If you have an A.C. Gilbert-manufactured American Flyer steam locomotive made between 1939 and 1967 that still runs but has seen its better days appearance-wise, there’s an easy way to touch it up to make it look better. Here’s how to touch up American Flyer paint.
I spent some time exploring HP Compaq 6910p upgrades because used HP Compaq 6910p laptops are dirt cheap these days. I picked one up for $75 as an alternative to a Black Friday cheapie.
If you look for one yourself, either look for one with a valid Windows 7 or Windows 10 license on it, or get one at a deep enough discount to make it worth your while.
Here’s what I did to turn an outmoded laptop from 2008 into something better than what I could have bought on Black Friday.
As I write, I’m installing self-stick vinyl tiles in an old basement as part of a project to modernize a ’70s man cave. It’s possible to run into a few problems when installing vinyl, so I thought I’d run through them, along with the solutions. When vinyl tiles won’t stick, there are ways to prevent and fix the problem.
There are several acrylic floor finishes–sometimes mistakenly called wax–that promise they’re like a new floor in a bottle. That’s a bit of an exaggeration, but if you have reasonable expectations, they definitely can make a floor look better and easier to clean. And depending on how you use them, they can even make the floor last longer.
If you need to know how to paint outlet covers, there are right and wrong ways to do it.
Many years ago, I was helping to renovate a soup kitchen in Belle Glade, Florida. One of the things I did was paint it. I’ve never been a great painter, but I took pains to stay away from the outlet covers so the room would look neat.
“David!” the leader, a guy named John, barked. I looked up.
“Paint that cover plate.”
He was in charge, so I did what I was told. I slapped a thick coat of latex paint onto that cover plate to blend it into the wall. I’m sure John thought it looked spectacular. But I guarantee you, by the end of the summer, it looked terrible.
From time to time I see accordion-style flexible drain pipe (also sometimes called flexible waste pipe) in use, much like the one on the right. St. Louis County inspectors take an exceptionally dim view of these, and I always wondered what the big deal was, since literally every hardware and home-improvement store in St. Louis County sells them. Why would they sell something if it isn’t okay to use it? Read more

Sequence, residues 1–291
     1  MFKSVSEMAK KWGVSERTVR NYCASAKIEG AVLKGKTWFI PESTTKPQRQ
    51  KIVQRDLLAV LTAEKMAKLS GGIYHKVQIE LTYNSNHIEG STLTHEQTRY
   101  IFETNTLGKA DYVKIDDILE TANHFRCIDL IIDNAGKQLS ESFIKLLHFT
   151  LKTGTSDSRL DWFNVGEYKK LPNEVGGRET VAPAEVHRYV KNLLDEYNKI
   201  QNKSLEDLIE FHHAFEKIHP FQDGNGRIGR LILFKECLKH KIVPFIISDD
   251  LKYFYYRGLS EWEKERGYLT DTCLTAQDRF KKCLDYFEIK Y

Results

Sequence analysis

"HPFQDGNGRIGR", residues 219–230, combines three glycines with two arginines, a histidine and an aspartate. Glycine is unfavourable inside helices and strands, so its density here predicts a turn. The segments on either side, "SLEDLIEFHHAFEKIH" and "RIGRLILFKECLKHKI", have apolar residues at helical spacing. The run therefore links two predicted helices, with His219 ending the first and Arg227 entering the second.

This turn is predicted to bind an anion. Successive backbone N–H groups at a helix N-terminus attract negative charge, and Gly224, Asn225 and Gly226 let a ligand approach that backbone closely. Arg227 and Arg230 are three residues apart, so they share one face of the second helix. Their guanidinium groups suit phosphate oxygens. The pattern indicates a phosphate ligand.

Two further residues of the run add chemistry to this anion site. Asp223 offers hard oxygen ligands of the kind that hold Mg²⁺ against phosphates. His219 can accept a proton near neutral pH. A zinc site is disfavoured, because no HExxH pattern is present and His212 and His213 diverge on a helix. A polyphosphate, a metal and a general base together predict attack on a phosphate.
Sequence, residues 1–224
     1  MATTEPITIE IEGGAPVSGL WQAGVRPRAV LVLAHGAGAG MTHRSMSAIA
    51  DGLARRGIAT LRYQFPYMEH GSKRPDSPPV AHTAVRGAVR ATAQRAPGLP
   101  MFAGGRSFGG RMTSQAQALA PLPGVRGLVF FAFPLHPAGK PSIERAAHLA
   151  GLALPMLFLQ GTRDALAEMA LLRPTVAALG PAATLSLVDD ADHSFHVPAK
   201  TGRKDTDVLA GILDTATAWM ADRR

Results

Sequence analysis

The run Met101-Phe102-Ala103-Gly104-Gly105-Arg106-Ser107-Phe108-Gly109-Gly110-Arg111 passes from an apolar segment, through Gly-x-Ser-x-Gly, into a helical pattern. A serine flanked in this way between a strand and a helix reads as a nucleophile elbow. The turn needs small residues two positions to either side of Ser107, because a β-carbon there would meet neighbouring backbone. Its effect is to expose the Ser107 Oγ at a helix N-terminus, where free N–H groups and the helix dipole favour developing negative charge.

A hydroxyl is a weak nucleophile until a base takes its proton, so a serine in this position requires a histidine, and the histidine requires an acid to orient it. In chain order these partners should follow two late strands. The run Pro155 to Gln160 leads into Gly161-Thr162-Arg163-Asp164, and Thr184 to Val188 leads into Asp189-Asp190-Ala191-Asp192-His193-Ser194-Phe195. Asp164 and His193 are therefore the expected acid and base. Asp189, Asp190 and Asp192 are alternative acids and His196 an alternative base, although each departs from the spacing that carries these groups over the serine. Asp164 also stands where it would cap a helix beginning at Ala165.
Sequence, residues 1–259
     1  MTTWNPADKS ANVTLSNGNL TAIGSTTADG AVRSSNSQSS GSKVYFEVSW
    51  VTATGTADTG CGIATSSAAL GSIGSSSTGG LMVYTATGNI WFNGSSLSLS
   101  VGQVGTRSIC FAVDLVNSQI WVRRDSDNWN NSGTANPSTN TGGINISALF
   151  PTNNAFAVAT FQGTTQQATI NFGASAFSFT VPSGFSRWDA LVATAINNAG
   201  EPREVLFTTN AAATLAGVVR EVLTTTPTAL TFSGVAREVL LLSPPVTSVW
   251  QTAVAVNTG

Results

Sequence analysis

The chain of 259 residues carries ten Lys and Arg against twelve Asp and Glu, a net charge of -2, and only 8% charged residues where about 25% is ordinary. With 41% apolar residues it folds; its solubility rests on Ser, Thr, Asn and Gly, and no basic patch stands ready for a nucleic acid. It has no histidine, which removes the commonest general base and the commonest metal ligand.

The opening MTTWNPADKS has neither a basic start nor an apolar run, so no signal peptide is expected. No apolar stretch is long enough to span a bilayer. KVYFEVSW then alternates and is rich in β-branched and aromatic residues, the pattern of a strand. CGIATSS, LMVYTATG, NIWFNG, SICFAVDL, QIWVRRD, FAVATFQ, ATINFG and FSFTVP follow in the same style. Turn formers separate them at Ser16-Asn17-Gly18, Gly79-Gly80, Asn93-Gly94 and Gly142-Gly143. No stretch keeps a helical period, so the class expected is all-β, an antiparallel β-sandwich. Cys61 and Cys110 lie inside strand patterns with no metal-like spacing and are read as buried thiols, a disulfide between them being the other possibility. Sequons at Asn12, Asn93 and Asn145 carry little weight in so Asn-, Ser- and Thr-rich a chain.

Vuescan is a third-party scanning tool for most versions of Windows, OS X, and Linux. It supports hundreds of scanners, including those abandoned by manufacturers. It’s probably better than what came with your scanner. The pro edition probably costs as much as your scanner too, but comes with lifetime free updates, so you know you’ll be able to use your scanner for as long as it continues to operate, rather than rolling the dice on manufacturer-provided drivers working with your next upgrade. And you can run it on up to four computers at a time, which is nice.
Full disclosure: I bought this software myself. I was not provided a copy for review, nor am I receiving anything in exchange for writing this review. Now that’s out of the way, and you don’t to have to guess about my motives. Read more
Every so often, some people start raging on the train forums, or even in the pages of the magazines, about modern electronics in modern O gauge trains. The modern electronics make the model trains sound just like real trains, but eventually heat and power surges take their toll, the board goes poof, and now that $2,000 toy train doesn’t work anymore and needs a $300 replacement circuit board.
And by the time that happens, that $300 replacement circuit board might be out of production, and no longer available at any price.
Which has led to countless calls for some enterprising hobbyist to become a multimillionaire by inventing a $50 replacement board that works on every train.
There are several reasons for the situation. Read more
If you’ve been reading this blog for a few years, you know I kind of like trains. But my favorite way to buy them isn’t to buy them at a train store. I like to buy them from estates.
One week, I spotted a few late-production Marx 6-inch cars and a plastic locomotive in an estate ad. I tallied up $30 worth of trains in the picture, and figured I’d be lucky if they asked $60 for it. But I decided to take another look at the picture, just in case.
This wasn’t an ordinary train. Read more